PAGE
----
Questions About Mediation
1. What is mediation?
Mediation is the process where parties meet with another individual to work out the terms of their dispute in a non-confrontational, non-litigated fashion. Usually, the mediator is an experienced family attorney, trained in the mediation process, who can familiarize the parties with their rights under the law, explore various options for resolution beyond those that a court may order, and allow the parties to make more creative and informed decisions about the terms of their dissolution, or other disputed matter.
2. How does mediation work?
The parties meet with the mediator who gathers information about the parties' assets, obligations, income and childrens needs, or other information relevant to the matter being mediated. In a dissolution of marriage, the mediator usually prepares a Petition on behalf of one party representing himself or herself and files it with the Court to start the legal proceeding so the parties can get divorced. The mediator helps the parties prepare Declarations of Disclosure, disclosing all of their assets and obligations.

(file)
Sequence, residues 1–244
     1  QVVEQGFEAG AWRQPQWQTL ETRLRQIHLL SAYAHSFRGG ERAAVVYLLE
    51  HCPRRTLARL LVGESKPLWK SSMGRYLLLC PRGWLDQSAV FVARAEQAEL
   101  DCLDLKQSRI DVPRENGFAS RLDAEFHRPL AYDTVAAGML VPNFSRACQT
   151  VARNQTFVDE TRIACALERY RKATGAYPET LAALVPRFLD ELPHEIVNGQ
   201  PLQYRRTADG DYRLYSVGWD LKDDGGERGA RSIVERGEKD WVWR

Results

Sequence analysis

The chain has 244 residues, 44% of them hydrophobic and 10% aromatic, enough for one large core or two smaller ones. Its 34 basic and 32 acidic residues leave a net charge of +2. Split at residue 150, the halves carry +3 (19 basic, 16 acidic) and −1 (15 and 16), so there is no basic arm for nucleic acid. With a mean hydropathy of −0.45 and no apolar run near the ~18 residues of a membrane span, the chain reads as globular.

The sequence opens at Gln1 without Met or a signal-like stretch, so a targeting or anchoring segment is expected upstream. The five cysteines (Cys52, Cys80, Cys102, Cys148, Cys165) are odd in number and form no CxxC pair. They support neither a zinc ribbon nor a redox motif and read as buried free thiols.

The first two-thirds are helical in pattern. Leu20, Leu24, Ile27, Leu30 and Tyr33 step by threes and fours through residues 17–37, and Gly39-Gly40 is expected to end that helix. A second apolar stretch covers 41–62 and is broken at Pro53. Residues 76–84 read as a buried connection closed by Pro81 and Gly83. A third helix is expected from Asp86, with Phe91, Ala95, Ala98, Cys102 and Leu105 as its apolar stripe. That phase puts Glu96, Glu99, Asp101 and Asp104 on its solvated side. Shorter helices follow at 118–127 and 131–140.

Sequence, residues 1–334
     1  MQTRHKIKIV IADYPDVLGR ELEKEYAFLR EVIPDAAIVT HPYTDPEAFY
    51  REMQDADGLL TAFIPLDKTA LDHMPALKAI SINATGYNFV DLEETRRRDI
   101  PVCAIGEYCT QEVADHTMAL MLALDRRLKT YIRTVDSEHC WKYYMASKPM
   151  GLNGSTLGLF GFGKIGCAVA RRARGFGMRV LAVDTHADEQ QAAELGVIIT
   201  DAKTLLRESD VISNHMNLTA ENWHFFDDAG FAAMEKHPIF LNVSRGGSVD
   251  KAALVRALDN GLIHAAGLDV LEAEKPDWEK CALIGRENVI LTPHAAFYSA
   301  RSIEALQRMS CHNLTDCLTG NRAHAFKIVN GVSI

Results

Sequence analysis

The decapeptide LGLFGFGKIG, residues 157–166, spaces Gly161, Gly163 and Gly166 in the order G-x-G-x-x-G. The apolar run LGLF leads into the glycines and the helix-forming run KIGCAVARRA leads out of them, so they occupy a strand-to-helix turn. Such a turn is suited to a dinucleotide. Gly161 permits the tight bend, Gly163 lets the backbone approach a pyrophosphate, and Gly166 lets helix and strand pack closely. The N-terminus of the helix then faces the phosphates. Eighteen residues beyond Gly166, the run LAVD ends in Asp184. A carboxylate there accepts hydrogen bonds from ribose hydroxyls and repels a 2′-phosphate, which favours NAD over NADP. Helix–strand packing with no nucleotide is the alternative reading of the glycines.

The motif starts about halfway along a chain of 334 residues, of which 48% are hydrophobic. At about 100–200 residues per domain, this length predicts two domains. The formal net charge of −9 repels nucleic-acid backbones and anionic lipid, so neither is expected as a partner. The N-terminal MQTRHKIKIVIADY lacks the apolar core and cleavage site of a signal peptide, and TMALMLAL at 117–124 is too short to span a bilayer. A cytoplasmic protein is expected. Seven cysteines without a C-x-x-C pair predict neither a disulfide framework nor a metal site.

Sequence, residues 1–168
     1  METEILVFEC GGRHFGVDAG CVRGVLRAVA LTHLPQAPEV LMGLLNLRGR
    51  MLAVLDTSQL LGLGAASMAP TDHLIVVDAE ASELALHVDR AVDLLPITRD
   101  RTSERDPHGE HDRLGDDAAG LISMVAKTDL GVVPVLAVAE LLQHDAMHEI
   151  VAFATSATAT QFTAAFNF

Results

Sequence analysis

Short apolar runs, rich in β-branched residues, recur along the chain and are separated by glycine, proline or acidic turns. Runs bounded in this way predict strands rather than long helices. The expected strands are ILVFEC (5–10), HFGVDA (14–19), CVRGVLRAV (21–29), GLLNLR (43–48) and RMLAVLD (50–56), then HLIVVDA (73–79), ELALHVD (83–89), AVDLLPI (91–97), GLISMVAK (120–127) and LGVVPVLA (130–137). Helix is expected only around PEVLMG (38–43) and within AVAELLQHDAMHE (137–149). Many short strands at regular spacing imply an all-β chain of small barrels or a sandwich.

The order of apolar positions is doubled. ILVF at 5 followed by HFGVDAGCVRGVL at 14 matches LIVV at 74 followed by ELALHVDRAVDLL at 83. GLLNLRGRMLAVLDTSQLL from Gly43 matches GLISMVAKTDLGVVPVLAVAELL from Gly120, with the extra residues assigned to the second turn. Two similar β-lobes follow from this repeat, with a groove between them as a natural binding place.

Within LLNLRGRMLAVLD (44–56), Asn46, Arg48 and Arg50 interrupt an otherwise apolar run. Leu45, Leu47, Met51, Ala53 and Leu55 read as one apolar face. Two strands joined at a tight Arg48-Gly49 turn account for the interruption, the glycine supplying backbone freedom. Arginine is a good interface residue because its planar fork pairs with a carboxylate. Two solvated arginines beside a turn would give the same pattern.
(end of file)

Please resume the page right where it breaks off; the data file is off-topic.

The parties meet several times to discuss the issues of property division, child support, spousal support, child custody and other pertinent issues. The mediator works to help the parties reach agreement on issues which are contested. This may take a few or many sessions.
At the end of a mediation, the agreements reached are written up into a settlement agreement. Each party then has his or her own attorney review the agreement before it is sent to Court. Sometimes changes are made after the attorneys have reviewed the proposed Agreement, and before it becomes a Judgment or Court Order.
3. What are the advantages to mediation?
Mediation can be a less expensive and less stressful process than any court proceeding. The mediator's job is to educate the parties, help them communicate more effectively, and discuss their concerns, including concerns that might otherwise not be a relevant to the Court in a litigated situation. Resolving disputes by mediation models and develops conflict resolution skills that can help in the event future issues arise between the parties, such as related to their children. Mediation allows for as much time as necessary to consider issues before committing to a particular outcome. Mediation is non-adversarial.
4. What happens in mediation if we don't agree?
Usually, the parties can agree to some, if not all, issues. If they cannot agree, mediation may clarify the areas of disagreement, and prepare the parties for moving the case from an informal mediation setting to a courtroom. In this event, a judge will make a decision for the parties.
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